Tuesday, March 11, 2014

My first homily

My formation for the priesthood of Jesus Christ has advanced far enough that they finally did it: they let me preach.  Not at Mass or any kind of liturgical reality; it was just for my fellow first-year theologians in our Introduction to Homiletics class.  Follows is the text of my homily (though it was a little different as delivered):—



Jesus shows the way to Heaven: obedience, prayer, and the sacraments.  Now, Heaven is no longer a mystery! Jesus has shown us what it is like: a harvest of wheat amid tares; a mustard seed; a measure of leaven.  And it is being sown among the souls of good men and evil men as a way of humble repentance.  By the power of the Holy Spirit, it is working its way through all of human society, and it will yield a harvest of glory for all those who lay down their lives in obedience to Jesus and take up his Cross.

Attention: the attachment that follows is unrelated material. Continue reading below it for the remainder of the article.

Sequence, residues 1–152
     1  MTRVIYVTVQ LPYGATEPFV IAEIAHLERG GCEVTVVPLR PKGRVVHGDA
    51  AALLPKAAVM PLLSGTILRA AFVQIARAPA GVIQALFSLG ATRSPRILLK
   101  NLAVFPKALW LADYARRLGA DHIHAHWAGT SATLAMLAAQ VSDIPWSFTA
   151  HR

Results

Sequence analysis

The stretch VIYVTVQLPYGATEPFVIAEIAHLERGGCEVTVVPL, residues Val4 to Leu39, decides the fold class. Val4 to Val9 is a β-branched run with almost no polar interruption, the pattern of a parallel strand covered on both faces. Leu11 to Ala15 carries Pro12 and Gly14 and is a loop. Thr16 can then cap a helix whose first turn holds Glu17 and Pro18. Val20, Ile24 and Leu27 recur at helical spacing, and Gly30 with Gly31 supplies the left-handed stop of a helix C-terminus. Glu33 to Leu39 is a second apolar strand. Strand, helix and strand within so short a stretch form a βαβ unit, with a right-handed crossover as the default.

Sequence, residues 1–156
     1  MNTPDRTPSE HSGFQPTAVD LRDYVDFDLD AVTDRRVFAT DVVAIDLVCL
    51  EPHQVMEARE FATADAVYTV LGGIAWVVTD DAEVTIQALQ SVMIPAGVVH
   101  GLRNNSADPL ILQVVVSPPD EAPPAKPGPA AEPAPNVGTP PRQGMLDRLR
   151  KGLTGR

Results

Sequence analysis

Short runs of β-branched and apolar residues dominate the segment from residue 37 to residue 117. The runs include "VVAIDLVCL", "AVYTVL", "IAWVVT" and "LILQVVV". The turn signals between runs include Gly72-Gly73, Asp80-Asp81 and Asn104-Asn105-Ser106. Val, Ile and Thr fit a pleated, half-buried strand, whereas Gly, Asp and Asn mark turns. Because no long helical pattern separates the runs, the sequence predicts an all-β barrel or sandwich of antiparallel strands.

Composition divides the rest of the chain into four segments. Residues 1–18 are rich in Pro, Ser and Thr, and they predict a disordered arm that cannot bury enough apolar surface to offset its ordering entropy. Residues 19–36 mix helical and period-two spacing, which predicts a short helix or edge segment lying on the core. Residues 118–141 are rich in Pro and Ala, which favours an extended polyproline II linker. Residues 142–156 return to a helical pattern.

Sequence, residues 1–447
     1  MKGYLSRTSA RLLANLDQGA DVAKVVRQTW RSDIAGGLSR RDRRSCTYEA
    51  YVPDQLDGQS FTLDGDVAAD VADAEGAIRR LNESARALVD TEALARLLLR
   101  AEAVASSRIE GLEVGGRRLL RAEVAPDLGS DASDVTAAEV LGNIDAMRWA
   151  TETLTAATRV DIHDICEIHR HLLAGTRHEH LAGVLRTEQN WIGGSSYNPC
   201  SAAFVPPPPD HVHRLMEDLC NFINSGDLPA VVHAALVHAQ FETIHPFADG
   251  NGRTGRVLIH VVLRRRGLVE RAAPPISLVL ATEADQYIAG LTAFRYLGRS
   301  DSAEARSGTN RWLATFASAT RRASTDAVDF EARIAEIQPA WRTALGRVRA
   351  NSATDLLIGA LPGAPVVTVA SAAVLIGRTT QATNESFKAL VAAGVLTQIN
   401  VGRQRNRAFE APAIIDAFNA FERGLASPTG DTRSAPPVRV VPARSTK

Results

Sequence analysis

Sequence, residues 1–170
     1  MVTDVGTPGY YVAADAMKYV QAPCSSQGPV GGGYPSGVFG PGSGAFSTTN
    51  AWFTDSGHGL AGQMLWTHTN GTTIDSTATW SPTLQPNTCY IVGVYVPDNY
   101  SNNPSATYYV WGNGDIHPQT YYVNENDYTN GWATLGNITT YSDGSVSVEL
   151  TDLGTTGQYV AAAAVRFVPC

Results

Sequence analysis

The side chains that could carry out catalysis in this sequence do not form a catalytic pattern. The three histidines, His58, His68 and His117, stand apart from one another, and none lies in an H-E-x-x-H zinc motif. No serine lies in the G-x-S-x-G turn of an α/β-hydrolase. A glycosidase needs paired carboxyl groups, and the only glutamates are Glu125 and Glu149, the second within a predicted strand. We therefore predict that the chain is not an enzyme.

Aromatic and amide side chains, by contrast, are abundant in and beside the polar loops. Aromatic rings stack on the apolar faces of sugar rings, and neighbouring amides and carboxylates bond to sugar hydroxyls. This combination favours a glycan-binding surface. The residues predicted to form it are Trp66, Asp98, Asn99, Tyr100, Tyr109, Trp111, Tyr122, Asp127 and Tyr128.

Jesus shows us the way to Heaven through obedience.  Preaching to you on the Gospel today ought to be easy: after all, Jesus explains the parable for me! And in case you didn't catch it the first time through, here it is again: the Sower with good seed is Jesus. The good seed are the children of the Kingdom.  The weeds are the children of the evil  one.  The enemy who sows them is the devil.  The harvest is the end of the age; the harvesters are the angels.  The weeds? Gathered up and burned.   The wheat? Bundled into the Father's Barn.   Pretty straightforward:  be the wheat, not the tares.  The good seed, not the bad.  Goal is the barn, not the furnace.  But how do we get there?